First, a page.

If the Sustainable Development Goals (SDGs) are to be achieved by the 2030 target, the risks posed by human-induced climate change must be understood and addressed. The World Meteorological Organization (WMO) has published a new report on ‘Climate Indicators and Sustainable Development: Demonstrating the Interconnections’.
The report demonstrates the connections between the global climate and the SDGs, which go far beyond SDG 13 for climate action.
It highlights seven climate indicators whose impacts span the SDGs:
• Carbon dioxide concentration
• Global mean surface temperature
• Ocean acidification
• Ocean heat content
• Sea-ice extent
• Glacier mass balance
• Sea-level rise.
Because CO2 concentration drives global climate change, it is indirectly responsible for risks related to the other climate indicators and nearly every single SDG. Therefore, reducing carbon emissions is one of the most effective and necessary climate-related actions for achieving the SDGs.
Effects of rising atmospheric concentrations of CO2
• Carbon dioxide (CO2) is the primary greenhouse gas from anthropogenic emissions. It comes from burning fossil fuels (eg: coal, oil and natural gas) and land-use changes, such as deforestation. Additionally, thawing permafrost and wetland degradation further increase CO2 emissions.
• The rise in atmospheric CO2 concentration contributes to the greenhouse effect. The greenhouse effect occurs when gases such as CO2 absorb and emit energy, trapping it in the atmosphere.
• Greenhouse gases are major drivers of climate change and critical contributors to radiative forcing, which is defined by the Intergovernmental Panel on Climate Change (IPCC) as a change in the balance of incoming and outgoing energy in the Earth-atmosphere system.
• Although the greenhouse effect naturally occurs and is necessary for life on Earth, when enhanced through human activity, it accelerates planetary warming. Rising CO2 concentration and associated rising global temperatures, when unchecked, may both signal the limitations of the efficacy of efforts to combat climate change and put at risk efforts to limit its impacts to (SDG 13).
• Additionally, CO2 concentration is rising in both the ocean and the atmosphere. Rising CO2 in water causes ocean acidification, directly affecting SDG indicator 14.3.1 and indirectly affecting others.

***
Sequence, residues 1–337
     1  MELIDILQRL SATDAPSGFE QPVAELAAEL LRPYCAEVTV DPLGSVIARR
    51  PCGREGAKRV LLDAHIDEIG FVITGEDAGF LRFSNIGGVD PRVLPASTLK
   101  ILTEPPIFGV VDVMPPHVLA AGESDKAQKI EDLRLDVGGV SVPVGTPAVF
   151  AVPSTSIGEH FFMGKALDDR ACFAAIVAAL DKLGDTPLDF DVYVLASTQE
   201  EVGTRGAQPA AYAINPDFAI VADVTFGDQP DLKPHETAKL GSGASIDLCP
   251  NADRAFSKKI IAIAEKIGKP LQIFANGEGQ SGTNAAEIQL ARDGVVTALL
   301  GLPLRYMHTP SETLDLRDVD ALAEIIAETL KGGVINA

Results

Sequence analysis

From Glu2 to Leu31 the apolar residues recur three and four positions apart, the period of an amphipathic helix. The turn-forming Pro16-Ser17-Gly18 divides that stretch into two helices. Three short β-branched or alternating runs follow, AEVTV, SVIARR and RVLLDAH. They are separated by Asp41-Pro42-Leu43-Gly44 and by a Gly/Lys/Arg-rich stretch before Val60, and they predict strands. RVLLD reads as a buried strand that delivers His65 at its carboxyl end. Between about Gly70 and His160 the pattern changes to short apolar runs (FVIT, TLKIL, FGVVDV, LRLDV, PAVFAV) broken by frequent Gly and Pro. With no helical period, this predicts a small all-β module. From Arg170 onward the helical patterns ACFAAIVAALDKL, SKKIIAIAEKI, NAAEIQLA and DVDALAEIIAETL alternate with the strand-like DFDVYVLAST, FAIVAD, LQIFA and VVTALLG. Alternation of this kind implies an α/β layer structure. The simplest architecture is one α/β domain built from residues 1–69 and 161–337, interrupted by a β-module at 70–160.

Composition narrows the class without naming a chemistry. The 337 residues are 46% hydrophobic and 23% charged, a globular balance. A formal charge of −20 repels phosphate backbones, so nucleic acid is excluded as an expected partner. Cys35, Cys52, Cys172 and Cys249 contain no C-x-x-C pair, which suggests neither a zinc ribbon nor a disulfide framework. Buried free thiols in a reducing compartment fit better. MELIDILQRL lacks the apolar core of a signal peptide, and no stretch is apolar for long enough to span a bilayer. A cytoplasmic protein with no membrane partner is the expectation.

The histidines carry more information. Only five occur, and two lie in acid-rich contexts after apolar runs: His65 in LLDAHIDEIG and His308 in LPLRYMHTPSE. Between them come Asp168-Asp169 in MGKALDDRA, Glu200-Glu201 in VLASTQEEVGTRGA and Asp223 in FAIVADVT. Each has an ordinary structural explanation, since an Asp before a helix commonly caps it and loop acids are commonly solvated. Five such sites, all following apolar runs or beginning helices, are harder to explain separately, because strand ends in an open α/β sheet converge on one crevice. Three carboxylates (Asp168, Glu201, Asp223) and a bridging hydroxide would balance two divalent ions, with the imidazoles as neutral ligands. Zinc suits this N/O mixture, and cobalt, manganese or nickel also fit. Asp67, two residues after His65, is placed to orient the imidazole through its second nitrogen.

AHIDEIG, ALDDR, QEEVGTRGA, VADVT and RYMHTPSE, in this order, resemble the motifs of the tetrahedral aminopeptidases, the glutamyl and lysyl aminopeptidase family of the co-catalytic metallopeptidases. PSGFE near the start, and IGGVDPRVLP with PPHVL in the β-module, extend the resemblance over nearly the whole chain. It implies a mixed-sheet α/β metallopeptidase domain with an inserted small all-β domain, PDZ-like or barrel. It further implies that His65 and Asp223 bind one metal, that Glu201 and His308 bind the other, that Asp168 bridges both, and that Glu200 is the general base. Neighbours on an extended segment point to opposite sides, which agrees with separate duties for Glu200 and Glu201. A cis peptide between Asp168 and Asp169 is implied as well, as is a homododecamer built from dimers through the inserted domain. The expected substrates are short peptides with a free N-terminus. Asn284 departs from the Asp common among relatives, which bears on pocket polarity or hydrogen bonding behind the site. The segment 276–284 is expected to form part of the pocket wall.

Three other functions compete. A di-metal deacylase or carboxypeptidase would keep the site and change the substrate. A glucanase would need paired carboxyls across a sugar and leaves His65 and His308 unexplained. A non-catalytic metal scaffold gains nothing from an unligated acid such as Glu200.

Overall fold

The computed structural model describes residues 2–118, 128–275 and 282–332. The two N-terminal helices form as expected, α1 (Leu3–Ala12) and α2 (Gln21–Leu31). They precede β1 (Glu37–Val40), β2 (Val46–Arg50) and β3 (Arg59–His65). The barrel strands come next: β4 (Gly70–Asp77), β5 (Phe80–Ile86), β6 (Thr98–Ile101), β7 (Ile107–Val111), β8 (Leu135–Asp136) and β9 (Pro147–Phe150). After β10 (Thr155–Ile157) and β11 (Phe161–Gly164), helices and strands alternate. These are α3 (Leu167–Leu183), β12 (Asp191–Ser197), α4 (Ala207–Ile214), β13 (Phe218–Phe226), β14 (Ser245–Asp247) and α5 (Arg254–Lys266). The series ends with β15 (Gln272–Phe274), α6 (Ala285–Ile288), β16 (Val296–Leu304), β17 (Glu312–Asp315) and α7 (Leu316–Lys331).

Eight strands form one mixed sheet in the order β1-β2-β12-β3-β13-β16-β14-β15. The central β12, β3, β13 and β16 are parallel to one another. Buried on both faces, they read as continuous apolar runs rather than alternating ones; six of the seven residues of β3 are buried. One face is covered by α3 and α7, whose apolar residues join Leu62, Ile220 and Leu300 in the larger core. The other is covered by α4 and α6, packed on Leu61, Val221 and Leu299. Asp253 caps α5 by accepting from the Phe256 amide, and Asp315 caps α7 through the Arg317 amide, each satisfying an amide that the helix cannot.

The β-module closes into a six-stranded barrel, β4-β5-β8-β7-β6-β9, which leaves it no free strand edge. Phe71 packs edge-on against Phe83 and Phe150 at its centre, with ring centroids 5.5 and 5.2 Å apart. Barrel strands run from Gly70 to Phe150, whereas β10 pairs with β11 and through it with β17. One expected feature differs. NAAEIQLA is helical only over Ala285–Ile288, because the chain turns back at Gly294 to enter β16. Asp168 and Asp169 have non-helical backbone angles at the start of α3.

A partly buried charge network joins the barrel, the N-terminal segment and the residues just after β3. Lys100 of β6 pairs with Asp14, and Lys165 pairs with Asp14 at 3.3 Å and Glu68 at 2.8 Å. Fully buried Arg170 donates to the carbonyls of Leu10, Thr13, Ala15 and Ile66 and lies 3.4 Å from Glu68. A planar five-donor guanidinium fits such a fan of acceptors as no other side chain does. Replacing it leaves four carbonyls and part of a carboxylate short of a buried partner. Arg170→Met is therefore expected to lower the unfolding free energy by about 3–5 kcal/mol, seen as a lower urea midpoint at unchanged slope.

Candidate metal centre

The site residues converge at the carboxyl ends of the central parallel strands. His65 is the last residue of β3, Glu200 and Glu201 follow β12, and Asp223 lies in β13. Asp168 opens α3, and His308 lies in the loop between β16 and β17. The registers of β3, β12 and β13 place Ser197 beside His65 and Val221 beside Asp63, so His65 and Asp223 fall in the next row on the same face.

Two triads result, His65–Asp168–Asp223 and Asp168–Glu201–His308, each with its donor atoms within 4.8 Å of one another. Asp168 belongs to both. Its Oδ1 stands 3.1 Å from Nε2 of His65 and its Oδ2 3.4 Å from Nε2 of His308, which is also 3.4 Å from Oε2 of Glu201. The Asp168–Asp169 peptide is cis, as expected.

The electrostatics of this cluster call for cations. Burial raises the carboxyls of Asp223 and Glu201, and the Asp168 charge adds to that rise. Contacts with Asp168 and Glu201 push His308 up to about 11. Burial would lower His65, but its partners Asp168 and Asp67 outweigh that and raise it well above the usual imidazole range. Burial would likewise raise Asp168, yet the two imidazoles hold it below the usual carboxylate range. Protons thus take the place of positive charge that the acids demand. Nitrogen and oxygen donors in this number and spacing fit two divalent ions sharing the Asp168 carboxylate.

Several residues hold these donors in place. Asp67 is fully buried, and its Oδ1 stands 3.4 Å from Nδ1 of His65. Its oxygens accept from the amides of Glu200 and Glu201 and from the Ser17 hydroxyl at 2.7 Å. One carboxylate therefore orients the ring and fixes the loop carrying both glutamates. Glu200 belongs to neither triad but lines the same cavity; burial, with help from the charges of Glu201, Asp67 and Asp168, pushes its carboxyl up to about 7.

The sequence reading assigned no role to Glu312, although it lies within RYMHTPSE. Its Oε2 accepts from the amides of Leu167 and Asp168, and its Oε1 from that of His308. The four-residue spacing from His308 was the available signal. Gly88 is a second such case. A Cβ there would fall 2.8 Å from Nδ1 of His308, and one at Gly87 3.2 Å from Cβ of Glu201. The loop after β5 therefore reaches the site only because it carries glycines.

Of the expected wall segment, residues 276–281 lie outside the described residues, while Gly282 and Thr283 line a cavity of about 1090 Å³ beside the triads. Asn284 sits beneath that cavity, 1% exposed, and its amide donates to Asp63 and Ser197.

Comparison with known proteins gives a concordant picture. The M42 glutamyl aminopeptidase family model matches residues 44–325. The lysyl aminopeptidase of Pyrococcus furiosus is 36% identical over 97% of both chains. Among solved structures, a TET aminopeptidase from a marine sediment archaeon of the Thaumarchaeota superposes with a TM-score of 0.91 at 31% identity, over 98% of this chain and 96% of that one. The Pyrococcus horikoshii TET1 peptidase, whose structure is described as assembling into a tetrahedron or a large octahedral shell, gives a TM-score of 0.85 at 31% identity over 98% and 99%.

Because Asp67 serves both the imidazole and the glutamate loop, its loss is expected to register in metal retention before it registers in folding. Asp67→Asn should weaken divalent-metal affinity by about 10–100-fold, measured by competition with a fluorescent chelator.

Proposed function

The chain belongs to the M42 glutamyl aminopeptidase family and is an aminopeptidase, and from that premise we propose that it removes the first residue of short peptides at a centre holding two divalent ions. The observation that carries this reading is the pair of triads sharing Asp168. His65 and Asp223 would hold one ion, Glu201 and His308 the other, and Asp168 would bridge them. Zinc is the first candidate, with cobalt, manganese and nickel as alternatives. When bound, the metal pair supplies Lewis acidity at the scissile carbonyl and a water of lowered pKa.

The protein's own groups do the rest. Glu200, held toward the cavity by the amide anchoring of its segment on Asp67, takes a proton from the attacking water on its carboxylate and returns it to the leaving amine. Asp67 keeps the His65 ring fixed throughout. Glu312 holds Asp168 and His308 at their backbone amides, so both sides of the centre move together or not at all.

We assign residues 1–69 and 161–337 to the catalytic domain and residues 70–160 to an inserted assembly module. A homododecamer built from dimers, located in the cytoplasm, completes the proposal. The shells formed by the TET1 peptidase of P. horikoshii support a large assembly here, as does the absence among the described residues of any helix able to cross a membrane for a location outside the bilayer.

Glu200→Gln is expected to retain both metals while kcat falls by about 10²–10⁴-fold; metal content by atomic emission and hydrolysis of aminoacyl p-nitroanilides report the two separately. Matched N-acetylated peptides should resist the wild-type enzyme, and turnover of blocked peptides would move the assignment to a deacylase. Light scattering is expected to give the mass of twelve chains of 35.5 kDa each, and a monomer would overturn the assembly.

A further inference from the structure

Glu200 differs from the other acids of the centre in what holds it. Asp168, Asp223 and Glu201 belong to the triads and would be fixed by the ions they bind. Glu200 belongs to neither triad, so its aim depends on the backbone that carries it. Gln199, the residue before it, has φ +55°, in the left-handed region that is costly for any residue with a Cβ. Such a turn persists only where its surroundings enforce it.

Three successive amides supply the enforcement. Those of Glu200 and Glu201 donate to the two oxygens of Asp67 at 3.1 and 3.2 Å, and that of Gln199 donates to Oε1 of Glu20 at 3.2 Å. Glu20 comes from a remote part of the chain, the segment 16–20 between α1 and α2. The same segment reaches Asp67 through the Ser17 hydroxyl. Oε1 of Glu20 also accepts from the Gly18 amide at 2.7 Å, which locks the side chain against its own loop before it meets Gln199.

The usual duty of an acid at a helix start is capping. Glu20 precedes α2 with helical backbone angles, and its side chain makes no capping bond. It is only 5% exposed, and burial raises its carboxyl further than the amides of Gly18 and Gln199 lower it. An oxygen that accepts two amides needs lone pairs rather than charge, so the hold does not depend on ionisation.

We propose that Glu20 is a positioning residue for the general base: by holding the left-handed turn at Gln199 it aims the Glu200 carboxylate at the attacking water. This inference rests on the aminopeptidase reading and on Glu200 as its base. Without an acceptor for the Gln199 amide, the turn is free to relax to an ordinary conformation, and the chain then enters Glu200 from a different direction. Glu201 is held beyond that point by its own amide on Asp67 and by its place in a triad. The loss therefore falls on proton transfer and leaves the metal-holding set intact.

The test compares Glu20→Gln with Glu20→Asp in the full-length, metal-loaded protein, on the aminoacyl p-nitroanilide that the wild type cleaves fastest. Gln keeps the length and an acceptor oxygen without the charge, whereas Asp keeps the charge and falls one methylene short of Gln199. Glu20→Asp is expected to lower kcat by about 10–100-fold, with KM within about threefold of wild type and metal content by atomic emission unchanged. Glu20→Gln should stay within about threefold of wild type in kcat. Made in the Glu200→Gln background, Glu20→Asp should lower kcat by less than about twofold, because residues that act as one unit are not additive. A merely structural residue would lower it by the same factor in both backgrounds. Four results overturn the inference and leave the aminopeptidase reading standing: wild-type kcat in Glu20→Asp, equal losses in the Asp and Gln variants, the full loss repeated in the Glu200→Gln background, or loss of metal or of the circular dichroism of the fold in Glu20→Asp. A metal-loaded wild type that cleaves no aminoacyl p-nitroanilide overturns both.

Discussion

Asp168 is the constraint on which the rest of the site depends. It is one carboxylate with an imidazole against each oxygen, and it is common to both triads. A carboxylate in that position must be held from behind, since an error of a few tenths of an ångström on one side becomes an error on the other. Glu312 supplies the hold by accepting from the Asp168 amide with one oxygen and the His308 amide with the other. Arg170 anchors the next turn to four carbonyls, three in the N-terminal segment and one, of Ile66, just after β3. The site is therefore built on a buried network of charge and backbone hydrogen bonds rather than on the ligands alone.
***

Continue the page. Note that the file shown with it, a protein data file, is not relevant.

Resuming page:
• As atmospheric concentrations increase, photosynthesis processes accelerate, producing agricultural yields in less time. This can result in a reduction of certain grain protein and nutrient concentrations, a process known as growth dilution.
• Reductions in nutrient content affect food security, specifically SDG indicator 2.1.2.
• Recent studies have demonstrated that there may be direct health risks associated with increased exposure to high levels of atmospheric CO2, thus threatening SDG indicators 3.4.1 and 3.9.1.
• Carbon dioxide alone is responsible for about 82 per cent of the increase in radiative forcing over the past decade.
What is radiative forcing?
When energy from the sun reaches the Earth, the planet absorbs some of this energy and radiates the rest back to space as heat. The Earth’s surface temperature depends on this balance between incoming and outgoing energy. A shift in the energy balance causes the Earth’s average temperature to become warmer or cooler, leading to a variety of other changes in the lower atmosphere, on land, and in the oceans.
These changes are measured by the amount of warming or cooling they can produce, which is called “radiative forcing.” Changes that have a warming effect are called “positive” forcing, while changes that have a cooling effect are called “negative” forcing. When positive and negative forces are out of balance, the result is a change in the Earth’s average surface temperature.
Changes in greenhouse gas concentrations in the atmosphere affect radiative forcing. Greenhouse gases absorb energy that radiates upward from the Earth’s surface, re-emitting heat to the lower atmosphere and warming the Earth’s surface. Human activities have led to increased concentrations of greenhouse gases that can remain in the atmosphere for decades, centuries, or longer, so the corresponding warming effects will last for a long time.
• Approximately 25-30 per cent of all CO2 emissions are absorbed by the ocean. When CO2 dissolves in water, it turns into acid ions (H2CO3 and HCO3), which acidify the ocean.
• During the industrial era, ocean surface pH declined from 8.2 to below 8.1 as a result of an increase in anthropogenic CO2 emissions. This decline corresponds to an increase in oceanic acidity of about 30 per cent.
• In recent decades, ocean acidification has been occurring 100 times faster than during the past 55 million years.
• Ocean acidification is linked to a decrease in carbonate ion concentrations, which are necessary for marine organisms, such as mussels, crustaceans and corals, to form shells and skeletal material.
• Therefore, ocean acidification can affect lower trophic levels and food sources for marine life, potentially resulting in large shifts in marine species which could significantly disturb the livelihoods of fisherfolk, fishing Industry and ocean-related services.
• In recent years, the dangers of ocean acidification have received growing attention from the international community. In 2017, a new SDG indicator (14.3.1) was added. Average marine acidity (pH) is measured and facilitated by the Global Ocean Acidification Observing Network, whose membership has now surpassed 100 countries.
• The impact on coral reefs is especially important. Coral reefs not only serve as one of the most biodiverse ecosystems in the world, but also provide essential shoreline protection in case of high waves or storm surge and serve as habitat for many important shellfish and other invertebrates. Thus, coral reefs are extremely susceptible to climate change and form a nature-based solution to combat the impacts of climate change.